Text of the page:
4B - Thursday, October 25, 2012 ,, U l ..H
The Michigan Daily - michigandaily.com
Stern and Walters
For the Daily
METAL is a world of strik-
ing contrasts. Large imposing
machines crowd its fabrication
studio in Ann Arbor. There is a
plasma cutter, a sandblaster, a
milling machine for the textur-
izing of metals and a "break" that
bends and shapes metal parts.
A whimsical tin-man sculpture
greets entrants to the shop. Mel,
a large metal T-Rex, grins atop
the plasma cutter. These daunt-
ing devices are all industrial
machines that have been repur-
posed from industrial machines
to create works of art.
METAL, located on Felch
Street, is a metalworking studio,
gallery, classroom and venue for
performance. Since its open-
ing in 2011, owners Claudette
Jocelyn Stern and John Daniel
Walters have used the space to
create and display metal art.
Metalworking is energy-
intensive and is not tradition-
ally an environmentally friendly
endeavor. Yet environmental-
ism lies at the core of the craft
at METAL. Owners Stern and
Walters united in this shared
The duo first met at an iron
pour in Tucum Cari, New Mex-
ico in 2006, both driving envi-
ronmentally friendly vehicles.
Walter's car had been rigged to
run on cooking grease, while
Stern's ran on bio diesel. A few
years after their first meeting,
Walters moved to Ann Arbor
for graduate school to study
art. Shortly after attaining his
degree, he conceived METAL
with Stern, an Ann Arbor native.
" Since the studio's opening in
2011, other creative individuals
have sought out Stern and Wal-
ters, intent on becoming part of
the METAL family. Andrew Kyt
came to practice forging and
blacksmithing and singer-song-
writer Sarah Carroll joined the
METAL team as administrative
and marketing director.
Carroll said people of all
artistic backgrounds can find
inspiration at METAL.
"People really enjoy coming
in here and just being inspired
by art, whether it be interior
designers, or graphic designers,
Detroit Artist Michelle Tanguay exhibited her first solo show at LePop.
METAL will be offering a class on tintyping on Oct. 27 and 28.
or poets, or dancers, they just all
are inspired," Carroll said. "And
I think it's because art really
does transcend all those areas."
METAL also serves as an edu-
cational forum. On Oct. 27 and
28 METAL will hosta workshop
on tintype photography, an art
form with a strong metal con-
nection that involves creating
colloidal prints on metal surfac-
es. Tintype became popular in
the 1860s and was used exten-
sively for portraits throughout
the 19th century.
METAL itself came from re-
purposing and salvaging: The
light fixtures are relics from the
old Ice Cube skating rink; the
walls once comprised the ceiling
of an old gallery.
Stern said she frequently
travels to Michigan's Upper
Peninsula and out west in search
of found materials for METAL's
creations, noting that she first
became intrigued by found
materials as a small child in
"There was so much debris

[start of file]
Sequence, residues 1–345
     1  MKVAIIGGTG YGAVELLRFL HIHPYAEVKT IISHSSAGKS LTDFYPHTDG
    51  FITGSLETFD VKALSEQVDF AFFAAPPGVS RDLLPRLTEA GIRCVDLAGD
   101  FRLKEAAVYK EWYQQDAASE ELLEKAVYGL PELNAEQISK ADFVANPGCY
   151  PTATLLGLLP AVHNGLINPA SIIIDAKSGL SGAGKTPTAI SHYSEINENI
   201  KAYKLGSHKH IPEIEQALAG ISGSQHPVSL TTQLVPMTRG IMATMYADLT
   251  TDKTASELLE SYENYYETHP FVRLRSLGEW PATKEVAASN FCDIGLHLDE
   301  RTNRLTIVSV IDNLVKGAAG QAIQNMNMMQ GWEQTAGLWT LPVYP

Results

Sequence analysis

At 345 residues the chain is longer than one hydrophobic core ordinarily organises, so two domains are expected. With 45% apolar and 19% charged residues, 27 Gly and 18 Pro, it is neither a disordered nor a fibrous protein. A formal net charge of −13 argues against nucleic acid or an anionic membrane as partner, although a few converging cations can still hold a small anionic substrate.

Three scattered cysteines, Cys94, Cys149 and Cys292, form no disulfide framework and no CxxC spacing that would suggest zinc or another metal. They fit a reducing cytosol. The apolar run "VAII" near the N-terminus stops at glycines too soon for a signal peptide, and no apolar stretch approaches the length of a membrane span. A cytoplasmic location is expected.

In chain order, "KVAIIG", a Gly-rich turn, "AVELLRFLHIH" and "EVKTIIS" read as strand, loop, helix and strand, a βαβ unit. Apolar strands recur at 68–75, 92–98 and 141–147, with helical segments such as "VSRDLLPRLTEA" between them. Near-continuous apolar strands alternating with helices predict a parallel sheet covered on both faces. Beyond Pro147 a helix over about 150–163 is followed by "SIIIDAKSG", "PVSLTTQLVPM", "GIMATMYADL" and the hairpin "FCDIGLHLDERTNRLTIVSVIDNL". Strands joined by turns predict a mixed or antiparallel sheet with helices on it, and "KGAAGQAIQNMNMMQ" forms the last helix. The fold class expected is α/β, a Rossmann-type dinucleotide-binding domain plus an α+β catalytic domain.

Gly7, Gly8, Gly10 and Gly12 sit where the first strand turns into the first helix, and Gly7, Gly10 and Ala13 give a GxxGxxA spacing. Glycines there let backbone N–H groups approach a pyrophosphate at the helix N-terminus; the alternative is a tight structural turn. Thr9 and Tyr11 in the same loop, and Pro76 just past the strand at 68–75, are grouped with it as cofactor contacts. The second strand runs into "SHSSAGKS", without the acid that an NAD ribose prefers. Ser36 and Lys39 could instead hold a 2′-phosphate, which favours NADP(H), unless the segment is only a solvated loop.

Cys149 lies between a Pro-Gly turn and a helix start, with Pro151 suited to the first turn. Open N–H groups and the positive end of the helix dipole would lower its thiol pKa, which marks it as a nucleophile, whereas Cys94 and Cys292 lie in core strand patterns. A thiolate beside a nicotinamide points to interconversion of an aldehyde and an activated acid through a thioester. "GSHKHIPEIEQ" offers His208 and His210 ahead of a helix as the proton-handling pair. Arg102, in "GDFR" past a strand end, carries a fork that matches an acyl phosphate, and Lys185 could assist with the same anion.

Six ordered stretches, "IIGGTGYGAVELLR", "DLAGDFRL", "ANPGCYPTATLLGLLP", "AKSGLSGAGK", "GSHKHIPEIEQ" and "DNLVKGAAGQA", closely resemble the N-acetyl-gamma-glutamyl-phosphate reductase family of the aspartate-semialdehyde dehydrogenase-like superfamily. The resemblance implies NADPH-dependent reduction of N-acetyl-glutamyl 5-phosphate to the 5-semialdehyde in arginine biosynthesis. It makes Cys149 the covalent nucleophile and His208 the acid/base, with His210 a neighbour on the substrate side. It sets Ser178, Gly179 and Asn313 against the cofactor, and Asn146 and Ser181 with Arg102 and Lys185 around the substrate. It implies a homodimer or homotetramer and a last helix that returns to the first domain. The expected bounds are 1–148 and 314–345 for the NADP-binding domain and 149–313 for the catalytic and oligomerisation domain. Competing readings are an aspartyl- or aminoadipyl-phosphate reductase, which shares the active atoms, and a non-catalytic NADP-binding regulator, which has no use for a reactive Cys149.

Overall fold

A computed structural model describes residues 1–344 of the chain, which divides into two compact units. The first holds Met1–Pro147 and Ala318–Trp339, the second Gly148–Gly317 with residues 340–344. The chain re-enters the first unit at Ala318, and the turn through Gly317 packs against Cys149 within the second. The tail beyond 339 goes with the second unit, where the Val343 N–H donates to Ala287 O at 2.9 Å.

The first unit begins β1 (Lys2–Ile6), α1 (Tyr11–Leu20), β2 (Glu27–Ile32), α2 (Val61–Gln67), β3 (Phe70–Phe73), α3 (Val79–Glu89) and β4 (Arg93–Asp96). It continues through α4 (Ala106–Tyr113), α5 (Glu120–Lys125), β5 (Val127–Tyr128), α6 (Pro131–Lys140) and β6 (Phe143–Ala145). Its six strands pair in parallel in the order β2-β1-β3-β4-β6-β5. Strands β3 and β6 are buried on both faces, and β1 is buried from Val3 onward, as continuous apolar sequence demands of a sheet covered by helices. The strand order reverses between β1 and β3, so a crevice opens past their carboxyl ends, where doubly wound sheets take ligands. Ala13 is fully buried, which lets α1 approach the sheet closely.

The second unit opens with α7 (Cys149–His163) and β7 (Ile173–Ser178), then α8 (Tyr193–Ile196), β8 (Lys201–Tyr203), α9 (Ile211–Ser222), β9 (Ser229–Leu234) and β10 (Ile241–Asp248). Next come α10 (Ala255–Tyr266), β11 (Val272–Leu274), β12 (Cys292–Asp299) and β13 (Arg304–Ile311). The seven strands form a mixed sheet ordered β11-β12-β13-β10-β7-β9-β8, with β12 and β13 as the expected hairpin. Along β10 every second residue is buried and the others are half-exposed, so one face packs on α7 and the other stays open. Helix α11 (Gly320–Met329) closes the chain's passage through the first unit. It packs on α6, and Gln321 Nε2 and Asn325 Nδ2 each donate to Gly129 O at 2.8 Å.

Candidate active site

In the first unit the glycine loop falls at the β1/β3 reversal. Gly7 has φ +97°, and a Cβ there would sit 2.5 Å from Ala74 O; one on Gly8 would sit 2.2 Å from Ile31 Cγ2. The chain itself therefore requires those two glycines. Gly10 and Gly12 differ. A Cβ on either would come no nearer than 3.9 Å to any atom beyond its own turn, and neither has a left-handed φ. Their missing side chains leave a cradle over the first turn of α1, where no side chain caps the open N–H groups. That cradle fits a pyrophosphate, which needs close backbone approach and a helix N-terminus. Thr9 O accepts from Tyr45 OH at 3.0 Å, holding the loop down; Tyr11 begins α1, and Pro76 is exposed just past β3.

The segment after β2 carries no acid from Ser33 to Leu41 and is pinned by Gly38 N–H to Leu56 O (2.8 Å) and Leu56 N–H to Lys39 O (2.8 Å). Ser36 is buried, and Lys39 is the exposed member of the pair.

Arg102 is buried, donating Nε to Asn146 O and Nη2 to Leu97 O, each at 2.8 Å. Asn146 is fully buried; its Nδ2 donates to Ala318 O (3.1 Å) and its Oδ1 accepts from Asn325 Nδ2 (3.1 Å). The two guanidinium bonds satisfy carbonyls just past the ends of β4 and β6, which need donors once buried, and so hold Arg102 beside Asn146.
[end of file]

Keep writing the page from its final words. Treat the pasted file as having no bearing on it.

that would wash up. on the
beaches," Stern said. "You could
always find rusty bits of old
freighters that washed up or
other debris, and for me it was
just really fascinating.",
Walters heads project man-
agement, which involves over-
seeing each step of production
- from design to the final prod-
uct. Walters explained how he
takes a client's vision and helps
it come alive in metal. He added
that environmentalism takes a
top priority in his work.
"As a core component of my
belief, when I make something I
want it to last a very long time,"
Walters said. "That means a lot
to me and it sort of solidifies
the effort which I put into the
As a result of METAL's non-
traditional environmental con-
cerns, many of the patinas used
to coat the metal art are water-
based instead of being made
from toxic chemicals.
In addition to its environmen-
tal bent, Sterndescribes METAL
as "devoted to the idea of com-
munity." To this end, METAL
provides a venue for other forms
of artistic expression. A band
performed in its studio, and the
poetry group, One Pause Poetry,
calls the studio its home.
During One Pause perfor-
mances, the fabrication studio is
transformed into an auditorium
with folding chairs and a small
stage. Poets including Univer-
sity professors Ken Mikolowski
and Matthew Rohrer perform
at METAL. During a recent
performance, Rohrer shared
dream-like verses written in
the hypnagogic state between
sleeping and waking, while
Mikolowski charmed the crowd
with his wry two-line poems.
Before making METAL its
permanent home, One Pause
held its readings in a barn on
Liberty Street. Rohrer recalled
with a laugh that Pulitzer prize-
winning poet, Tracy Smith, read
her poetry in a tent in the barn,
adding that he likes the commu-
nity-oriented feel METAL gives
to the readings.
"Poetryis often presented in a
classroom setting or an academ-
ic setting," Rohrer said. "That's
fine, but poetry is bigger than
that. It predates it. Here we can
come together with the commu-
nity at large in an art setting."
METAL's commitment to
community extends far beyond
the boundaries of Ann Arbor
and even the United States.
After the devastating 2011 tsu-
nami, members of METAL and
other local artists met to discuss
how they could support the Jap-
"The Japanese decided that
what they needed was an event
to encourage children to con-
nect with art and use it as a vehi-
cle for some amount of healing
after that tragedy and trauma,"
The artists auctioned pieces
off to benefit the cause, using
their creativity as a catalyst for
METAL is many things to
many people: an environmental-
ly friendly metalworking shop,
a teaching space and a venue
for creative expression. Stern
said the contrasts and oppo-
sites present at METAL come
together to create its intriguing
"My business partner and I
are opposites in a lot of ways,"
Stern said. "But the oppositional
aspects create a whole that real-
ly makes METAL a supremely
interesting place and gives us a
lot of possibilities."
Stern also sees a unifying
theme in the disparate elements
"Making (art) or making a
business work is all the same to
me," Stern said. "It takes vision,
it takes hard work, and it takes
planning and it also takes a lotof